Lily indeed has plenty of sensual images floating around online: We see dozens where she poses suggestively and erotically in her underwear. She sends them both to her high school-age boyfriend and a much-older "admirer" she calls "Daddy." (We read lots of explicit text exchanges, as well as seeing the pictures she shares.)
Daddy turns out to be the married father of a girl she used to babysit. She tells a friend how the man used to drive her home, and one day he put her hand on her thigh—jump-starting their mostly online affair. Later, Daddy takes Lily into his daughter's room ("Princess" is strung up in lights over her tiny bed) where he attempts to have sex with her.
Bex, Lily's transsexual BFF, dresses in women's clothing and talks frequently about LGBTQ issues. A high school boy takes Bex into a back room during a party, and the two make out before the boy and Bex apparently have a sexual encounter (we see some explicit movements, but no nudity) that the boy feels shame about as soon as the interlude is over. But their one-night-stand is revealed in the hacker's data dump, spurring the boy's friends to make scads of derogatory remarks about both him and Bex.
Lily and her friends often dress in provocative garb (including underwear and swimsuits) and talk frankly and frequently about various sexual experiences and body parts. We see various teen girls make out with various teen boys. Pictures of the mayor dressed up in women's underwear (including thongs) proliferate online.
Lily takes provocative pictures of herself in a high school bathroom. When her pictures are leaked, a couple of guys follow her in a car. They call her a "whore" and "Salem's own porn star," and they proposition her for sex. (She's called a "whore" elsewhere, too.)
One girl's mom receives a foot massage from an apparent suitor. The girls describe the suitor as looking very creepy, one calling him "Sir Rapes-a-lot." Lily's father says he felt uncomfortable seeing Lily naked by age 2; Lily wonders why that would be, given that she's his daughter. Bex and a girl named Em dance sultrily with each other: Given that Bex has still has the biology a guy but considers himself a woman, it's difficult to know exactly how to classify the scene. There are references to pedophilia.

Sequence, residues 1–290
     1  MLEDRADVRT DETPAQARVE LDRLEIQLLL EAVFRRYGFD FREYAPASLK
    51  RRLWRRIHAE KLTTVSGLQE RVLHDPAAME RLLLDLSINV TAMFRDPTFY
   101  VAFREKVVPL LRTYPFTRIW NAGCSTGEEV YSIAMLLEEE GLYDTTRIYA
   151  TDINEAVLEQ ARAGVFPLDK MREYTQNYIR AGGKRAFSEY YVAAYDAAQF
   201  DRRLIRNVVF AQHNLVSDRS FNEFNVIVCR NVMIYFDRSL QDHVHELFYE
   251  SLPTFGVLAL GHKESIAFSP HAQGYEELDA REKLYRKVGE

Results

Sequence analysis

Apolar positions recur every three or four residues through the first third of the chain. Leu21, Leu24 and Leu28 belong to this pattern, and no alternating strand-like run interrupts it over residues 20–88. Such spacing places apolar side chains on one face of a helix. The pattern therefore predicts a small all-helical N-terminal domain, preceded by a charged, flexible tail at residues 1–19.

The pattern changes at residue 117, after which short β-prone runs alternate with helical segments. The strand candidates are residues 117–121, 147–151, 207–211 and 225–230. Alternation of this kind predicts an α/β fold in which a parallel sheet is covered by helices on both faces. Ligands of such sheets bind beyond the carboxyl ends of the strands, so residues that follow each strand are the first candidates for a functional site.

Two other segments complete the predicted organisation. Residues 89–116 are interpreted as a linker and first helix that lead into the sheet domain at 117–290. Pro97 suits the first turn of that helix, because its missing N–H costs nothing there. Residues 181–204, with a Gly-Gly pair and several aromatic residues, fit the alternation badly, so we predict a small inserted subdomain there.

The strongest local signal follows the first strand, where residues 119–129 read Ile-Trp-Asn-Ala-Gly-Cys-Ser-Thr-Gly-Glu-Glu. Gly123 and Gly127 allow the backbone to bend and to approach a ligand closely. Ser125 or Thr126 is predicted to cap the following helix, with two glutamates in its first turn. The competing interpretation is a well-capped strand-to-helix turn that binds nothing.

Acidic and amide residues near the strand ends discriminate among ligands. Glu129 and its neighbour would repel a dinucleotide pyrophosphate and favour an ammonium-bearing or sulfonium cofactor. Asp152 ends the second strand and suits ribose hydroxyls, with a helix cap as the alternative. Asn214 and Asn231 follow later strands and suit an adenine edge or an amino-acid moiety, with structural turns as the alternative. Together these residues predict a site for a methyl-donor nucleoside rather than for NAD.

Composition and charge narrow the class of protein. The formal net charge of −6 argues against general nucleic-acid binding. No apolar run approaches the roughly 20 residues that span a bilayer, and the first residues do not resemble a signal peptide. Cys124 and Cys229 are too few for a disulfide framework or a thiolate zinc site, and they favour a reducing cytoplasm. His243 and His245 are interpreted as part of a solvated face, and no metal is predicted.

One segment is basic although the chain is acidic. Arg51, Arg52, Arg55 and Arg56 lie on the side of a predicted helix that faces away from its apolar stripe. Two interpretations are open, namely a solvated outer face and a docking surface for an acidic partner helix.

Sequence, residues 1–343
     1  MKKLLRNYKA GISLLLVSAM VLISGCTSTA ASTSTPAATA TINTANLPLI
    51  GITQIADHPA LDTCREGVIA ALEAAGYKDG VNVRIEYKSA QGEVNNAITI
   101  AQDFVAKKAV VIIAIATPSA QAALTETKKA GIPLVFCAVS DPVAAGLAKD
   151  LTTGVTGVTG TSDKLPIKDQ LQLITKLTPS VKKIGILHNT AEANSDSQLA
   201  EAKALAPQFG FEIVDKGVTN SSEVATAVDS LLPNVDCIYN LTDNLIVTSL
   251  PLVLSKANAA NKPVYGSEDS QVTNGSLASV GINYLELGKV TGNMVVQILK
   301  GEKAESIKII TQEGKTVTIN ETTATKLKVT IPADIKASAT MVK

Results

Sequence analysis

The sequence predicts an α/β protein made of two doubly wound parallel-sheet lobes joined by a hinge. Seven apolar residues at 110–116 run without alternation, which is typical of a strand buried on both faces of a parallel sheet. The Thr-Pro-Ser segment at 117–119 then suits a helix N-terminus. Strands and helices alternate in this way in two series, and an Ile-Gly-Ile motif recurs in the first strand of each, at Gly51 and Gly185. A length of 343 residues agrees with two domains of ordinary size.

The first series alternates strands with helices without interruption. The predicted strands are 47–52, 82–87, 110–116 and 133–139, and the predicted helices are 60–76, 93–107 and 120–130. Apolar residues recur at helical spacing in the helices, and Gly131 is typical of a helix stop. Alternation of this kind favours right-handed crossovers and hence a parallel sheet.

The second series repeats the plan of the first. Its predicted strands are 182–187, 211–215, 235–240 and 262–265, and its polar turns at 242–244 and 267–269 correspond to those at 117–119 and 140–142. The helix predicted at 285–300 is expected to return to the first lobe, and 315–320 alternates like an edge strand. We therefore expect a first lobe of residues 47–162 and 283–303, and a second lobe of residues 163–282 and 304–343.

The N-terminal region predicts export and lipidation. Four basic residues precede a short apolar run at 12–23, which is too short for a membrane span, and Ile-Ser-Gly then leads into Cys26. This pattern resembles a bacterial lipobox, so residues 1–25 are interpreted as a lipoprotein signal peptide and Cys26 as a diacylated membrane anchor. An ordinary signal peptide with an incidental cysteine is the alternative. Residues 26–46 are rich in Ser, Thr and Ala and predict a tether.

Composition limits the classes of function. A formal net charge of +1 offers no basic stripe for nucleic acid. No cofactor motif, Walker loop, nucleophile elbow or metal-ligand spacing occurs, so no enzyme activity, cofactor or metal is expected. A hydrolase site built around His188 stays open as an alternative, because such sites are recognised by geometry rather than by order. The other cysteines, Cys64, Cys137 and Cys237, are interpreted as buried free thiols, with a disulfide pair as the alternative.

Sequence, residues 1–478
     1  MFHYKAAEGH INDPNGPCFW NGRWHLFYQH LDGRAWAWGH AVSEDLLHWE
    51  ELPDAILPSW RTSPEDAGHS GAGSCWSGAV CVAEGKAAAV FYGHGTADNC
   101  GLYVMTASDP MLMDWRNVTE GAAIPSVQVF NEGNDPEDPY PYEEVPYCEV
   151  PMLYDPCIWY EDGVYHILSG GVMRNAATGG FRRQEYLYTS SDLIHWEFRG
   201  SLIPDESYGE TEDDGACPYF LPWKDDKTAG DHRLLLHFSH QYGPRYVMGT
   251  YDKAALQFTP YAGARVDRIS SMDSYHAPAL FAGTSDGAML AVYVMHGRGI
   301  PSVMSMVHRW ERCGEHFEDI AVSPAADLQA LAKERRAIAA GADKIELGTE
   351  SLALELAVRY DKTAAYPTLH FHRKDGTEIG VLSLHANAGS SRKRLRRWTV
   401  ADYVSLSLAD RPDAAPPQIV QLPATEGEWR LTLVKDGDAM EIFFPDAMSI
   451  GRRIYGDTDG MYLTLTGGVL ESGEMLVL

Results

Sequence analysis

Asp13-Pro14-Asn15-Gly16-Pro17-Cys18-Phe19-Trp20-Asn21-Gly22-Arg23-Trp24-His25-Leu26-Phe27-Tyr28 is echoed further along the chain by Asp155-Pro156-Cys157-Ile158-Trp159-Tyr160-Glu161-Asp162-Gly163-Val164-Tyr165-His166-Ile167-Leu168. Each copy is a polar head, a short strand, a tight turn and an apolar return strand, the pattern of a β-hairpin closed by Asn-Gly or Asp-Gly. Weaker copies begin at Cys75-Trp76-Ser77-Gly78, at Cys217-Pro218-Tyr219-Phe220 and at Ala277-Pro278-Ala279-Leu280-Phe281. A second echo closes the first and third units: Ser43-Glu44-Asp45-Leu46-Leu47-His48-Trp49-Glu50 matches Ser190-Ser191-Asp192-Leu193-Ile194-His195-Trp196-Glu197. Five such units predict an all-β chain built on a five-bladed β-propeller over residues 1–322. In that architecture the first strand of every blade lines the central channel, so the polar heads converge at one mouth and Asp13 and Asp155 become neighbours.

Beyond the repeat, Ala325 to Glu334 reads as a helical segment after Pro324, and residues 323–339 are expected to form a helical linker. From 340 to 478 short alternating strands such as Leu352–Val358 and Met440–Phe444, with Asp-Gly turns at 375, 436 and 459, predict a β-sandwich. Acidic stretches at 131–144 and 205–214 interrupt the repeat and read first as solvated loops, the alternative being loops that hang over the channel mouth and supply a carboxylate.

One sad result of all the leaks of secret information and images is an eruption of brutal violence in Salem.
In an effort to get away from an assailant, Lily runs into a bathroom and finds it covered in blood, with a dead body in the tub. She slips repeatedly in blood smeared across the bathroom floor. Her attacker barges in but has his throat sliced open: The blood pours and squirts from his neck onto Lily's face and, eventually, to the floor itself, commingling with the other victim's hemoglobin.
A man shoots himself graphically in the head, and his suicide is later replayed, from different camera angles, on social media. Elsewhere, others are shot in the head or torso, almost always accompanied by shocking eruptions of blood.
Sometimes the carnage can be extreme: One man has his body blown open by a rifle blast, completely covering a car windshield with gore. A woman is apparently killed via a blow from a baseball bat; the attacker is later led away, her hands covered in blood. A man is thwacked in the face with a shovel, which is also accompanied by blood splatter. (His attacker nearly hits him again, but thinks better of it.) Someone dies by a nail gun in a swimming pool. We hear the trigger pulled repeatedly as the water grows more and more crimson.
Someone is nearly lynched in a streetlight. A woman is chased by a would-be killer with a knife. Women are held at gunpoint and dragged across floors and through streets—sometimes through pools of blood. Lily's brother discusses a video he watched online of a family getting mauled by seven lions, calling it "pretty cool."
Lily's boyfriend (along with several of his friends) attacks her. They forcefully pull up her shirt (from the rear) and pull down her pants (just a bit) to reveal a birthmark—proving she's the person in some faceless risqué photos that have been leaked. He forces her to turn around and have her picture taken, thus revealing her identity and, he hopes, ruining her life.